While some aspects of his offensive game disappointed in college, Leslie did show skill at embracing contact. He averaged 7.8 FTAs per game, a top-5 mark among power forwards in DraftExpress' Top 100 and good for 1st among small forwards in the DraftExpress Top 100. Leslie has faced questions about his toughness and motor since his high school days, so his consistent willingness to draw contact alleviates some concerns about his ability to handle the physical play of the NBA. He was not a very good shooter when he got to the charity stripe, unfortunately: His career-high 61.2% last season ranks among the worst posted by a forward in the draft. He has improved his numbers there every year of his college career, but Improving his free throw shooting would certainly make him more dangerous in the paint.

Speaking of threatening the paint: Leslie saw a solid amount of possessions with his back to the basket near the paint. He was not much of a threat on the low block, but his physical tools helped him overwhelm poorly-matched opponents. Leslie's length and leaping ability makes his jump hook a threat in a pinch and he shows some promise using his agility to spin past defenders and finish around the basket, but it doesn't appear likely that Leslie will ever be a particularly dangerous scorer with his back to the basket.

Leslie brings energy to the offensive glass and many of his NC State highlights come from him slamming down missed shots from his teammates. His 2.2 pace-adjusted offensive rebounds per 40 minutes look well below-average compared to other PFs in this draft, but it's possible that he rebounds better on that end in the NBA. He spent much of his time floating around the perimeter and posted better numbers during his sophomore season. In any case, Leslie uses his length to hunt down loose caroms around the rim. His inconsistent motor rears its head while watching him on the offensive glass. When dialed in, Leslie's length and quick second bounce make him one of the most dangerous threats around the rim in the nation. Unfortunately, Leslie seemed listless when things weren't going his way and wasn't always able or willing to make that impact. He'll need to keep that energy up to produce next to some of the most talented scorers in the league.

Amateur Take - Defense: C.J. Leslie has enormous potential on the defensive end, but ultimately did not excel on that end in college. There is still a lot to like about Leslie here, and it once again starts with his fantastic physical gifts. His tremendous 7'2" wingspan renders him capable of highlight defensive plays: Leslie can both erase a field goal attempt with a block or disrupt the opposing offense by forcing turnovers and playing the passing lanes. His block and steal rate fell between his sophomore and junior years, but he's proven capable of making plays on that end of the floor.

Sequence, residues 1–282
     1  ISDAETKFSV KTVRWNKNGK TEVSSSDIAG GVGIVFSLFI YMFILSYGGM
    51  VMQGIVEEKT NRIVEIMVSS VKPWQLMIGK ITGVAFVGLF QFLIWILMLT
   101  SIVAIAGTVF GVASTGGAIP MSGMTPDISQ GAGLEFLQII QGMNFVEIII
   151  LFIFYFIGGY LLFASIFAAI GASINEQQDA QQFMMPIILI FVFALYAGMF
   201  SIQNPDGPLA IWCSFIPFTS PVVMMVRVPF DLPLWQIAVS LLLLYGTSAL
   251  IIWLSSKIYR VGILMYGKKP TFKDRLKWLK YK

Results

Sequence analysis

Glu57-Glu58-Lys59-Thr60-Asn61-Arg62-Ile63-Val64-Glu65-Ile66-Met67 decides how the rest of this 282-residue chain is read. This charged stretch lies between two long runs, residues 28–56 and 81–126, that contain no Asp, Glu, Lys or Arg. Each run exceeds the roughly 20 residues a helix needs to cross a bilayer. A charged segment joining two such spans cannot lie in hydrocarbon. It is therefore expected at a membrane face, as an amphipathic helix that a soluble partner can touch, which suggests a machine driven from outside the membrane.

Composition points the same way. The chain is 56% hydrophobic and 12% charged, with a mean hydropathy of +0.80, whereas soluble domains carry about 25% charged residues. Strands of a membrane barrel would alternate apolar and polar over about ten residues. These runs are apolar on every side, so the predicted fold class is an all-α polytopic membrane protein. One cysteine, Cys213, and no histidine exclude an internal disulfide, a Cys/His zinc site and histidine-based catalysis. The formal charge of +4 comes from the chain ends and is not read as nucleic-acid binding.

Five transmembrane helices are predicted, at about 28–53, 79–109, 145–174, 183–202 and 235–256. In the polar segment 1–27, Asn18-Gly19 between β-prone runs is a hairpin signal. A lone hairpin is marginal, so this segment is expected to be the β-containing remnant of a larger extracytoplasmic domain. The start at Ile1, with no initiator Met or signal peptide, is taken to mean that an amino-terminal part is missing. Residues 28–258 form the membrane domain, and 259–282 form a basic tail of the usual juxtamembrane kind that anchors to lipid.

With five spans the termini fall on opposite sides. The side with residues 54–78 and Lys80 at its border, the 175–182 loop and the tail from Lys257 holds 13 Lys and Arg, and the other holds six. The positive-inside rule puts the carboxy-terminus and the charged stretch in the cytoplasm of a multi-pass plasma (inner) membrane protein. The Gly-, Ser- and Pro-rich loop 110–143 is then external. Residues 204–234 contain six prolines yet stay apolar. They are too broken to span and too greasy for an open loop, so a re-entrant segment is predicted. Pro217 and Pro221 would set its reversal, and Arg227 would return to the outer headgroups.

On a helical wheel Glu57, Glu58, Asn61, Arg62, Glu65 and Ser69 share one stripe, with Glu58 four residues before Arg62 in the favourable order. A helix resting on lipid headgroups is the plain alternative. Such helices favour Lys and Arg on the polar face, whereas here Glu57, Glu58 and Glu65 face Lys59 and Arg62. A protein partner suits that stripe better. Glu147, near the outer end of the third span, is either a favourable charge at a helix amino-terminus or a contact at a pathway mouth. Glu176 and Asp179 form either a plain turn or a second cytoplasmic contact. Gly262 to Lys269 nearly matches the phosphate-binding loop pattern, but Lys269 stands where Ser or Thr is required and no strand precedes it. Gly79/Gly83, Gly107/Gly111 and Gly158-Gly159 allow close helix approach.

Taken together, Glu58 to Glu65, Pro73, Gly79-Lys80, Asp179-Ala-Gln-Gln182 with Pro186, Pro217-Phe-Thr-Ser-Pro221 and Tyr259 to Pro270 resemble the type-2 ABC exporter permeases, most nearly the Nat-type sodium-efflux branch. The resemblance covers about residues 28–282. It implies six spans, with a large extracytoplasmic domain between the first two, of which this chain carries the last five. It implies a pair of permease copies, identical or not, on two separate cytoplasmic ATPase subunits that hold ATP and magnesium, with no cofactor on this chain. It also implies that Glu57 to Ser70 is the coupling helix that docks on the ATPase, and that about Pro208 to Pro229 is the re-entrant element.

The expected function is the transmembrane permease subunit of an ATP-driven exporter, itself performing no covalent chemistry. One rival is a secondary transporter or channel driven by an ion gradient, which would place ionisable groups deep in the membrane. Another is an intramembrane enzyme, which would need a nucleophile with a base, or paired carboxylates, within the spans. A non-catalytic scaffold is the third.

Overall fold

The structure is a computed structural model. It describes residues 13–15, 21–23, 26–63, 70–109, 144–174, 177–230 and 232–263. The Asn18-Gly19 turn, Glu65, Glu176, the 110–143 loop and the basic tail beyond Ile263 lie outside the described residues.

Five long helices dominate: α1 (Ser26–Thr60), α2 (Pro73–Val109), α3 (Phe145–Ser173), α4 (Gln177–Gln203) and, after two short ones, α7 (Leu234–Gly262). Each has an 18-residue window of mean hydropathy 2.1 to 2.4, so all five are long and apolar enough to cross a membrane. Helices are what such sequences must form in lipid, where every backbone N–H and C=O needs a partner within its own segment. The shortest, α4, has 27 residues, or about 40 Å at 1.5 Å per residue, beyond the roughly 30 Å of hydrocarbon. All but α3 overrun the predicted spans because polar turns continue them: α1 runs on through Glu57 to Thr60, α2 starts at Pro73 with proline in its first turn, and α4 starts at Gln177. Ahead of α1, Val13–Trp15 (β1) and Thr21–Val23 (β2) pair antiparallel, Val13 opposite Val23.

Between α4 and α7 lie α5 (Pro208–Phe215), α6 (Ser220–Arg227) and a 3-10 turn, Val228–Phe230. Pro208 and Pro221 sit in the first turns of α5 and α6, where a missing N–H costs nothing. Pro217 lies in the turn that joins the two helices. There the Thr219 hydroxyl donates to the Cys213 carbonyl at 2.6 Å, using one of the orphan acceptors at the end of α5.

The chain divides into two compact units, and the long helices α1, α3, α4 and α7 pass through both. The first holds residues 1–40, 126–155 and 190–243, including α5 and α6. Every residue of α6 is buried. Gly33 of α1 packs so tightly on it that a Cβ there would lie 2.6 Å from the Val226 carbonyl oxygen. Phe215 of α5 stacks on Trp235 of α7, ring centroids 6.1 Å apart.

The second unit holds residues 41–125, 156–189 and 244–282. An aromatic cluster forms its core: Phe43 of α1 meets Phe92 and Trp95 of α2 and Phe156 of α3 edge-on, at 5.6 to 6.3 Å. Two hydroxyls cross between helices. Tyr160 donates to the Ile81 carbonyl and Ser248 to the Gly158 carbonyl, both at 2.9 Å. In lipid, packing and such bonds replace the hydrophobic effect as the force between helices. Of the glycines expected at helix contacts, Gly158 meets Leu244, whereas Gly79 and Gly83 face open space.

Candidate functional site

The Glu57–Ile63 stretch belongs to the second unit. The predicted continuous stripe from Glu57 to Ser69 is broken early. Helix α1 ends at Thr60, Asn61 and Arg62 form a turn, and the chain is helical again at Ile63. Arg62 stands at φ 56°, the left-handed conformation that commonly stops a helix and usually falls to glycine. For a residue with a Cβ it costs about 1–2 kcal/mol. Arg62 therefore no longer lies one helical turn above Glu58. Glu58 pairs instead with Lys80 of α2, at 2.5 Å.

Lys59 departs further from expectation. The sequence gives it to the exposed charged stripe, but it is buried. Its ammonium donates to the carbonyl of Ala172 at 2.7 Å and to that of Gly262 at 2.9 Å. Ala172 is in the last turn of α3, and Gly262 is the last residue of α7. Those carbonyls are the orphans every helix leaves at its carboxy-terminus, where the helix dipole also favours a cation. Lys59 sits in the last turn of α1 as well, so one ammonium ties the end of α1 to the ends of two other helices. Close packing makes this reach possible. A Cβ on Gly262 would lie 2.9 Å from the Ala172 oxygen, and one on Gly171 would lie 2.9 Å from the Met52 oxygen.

At this point in his career Leslie is more suited to guarding wing players than trying to shut down NBA power forwards. Leslie could use some time in the weight room, as he'll need to grow stronger if he wants to consistently defend the 4 in the NBA. Fortunately, Leslie has shown the potential to be a tough perimeter defender in large part due to his quickness. He measured out with the highest score in the Lane Agility test of all prospects in the 2013 draft and it wasn't much of a surprise after watching him on the court. Leslie moves like a guard; he puts on bursts of speed that allow him to make defensive plays even after being beaten to the rim. His main issue as a perimeter defender is focus. Even with his unrefined defensive fundamentals, Leslie could make a big impact by simply committing to 24 seconds of defense during every possession. It was too easy to remove him from plays by running him through screens in college, and his coaching staff will surely encourage him to battle through contact while playing defense. He is loaded with potential as a perimeter defender but still has plenty of work to do converting some of that potential into production.

Leslie is probably incapable of consistently defending the post right now. He's light and doesn't show a lot of toughness when posted up. He allows scorers to carve out deep post position with little effort, and his length only affords him so much advantage. Still, with work Leslie could become a staunch post-defender. He's long and athletic and can really bother scorers around the rim. He's almost certainly a few years from that becoming a reality, though. Leslie is a very good defensive rebounder, but only if you consider him a small forward (6.8 DRB/40). He ranks towards the back end of power forward prospects in terms of defensive rebounding. He should be able to hold his own on that end on a team with several good rebounders like New York, but he isn't tremendous on the boards.

Random Red Flag: The biggest red flag concerning C.J. Leslie is the possibility of character concerns. Leslie wasn't always the hardest worker in practice, and he often appeared withdrawn following losses or poor personal performances. He responded well to the tough attention of Coach Gottfried, but his attitude and inconsistent motor will be something to watch for through his early years in the NBA.

Knick Knacks: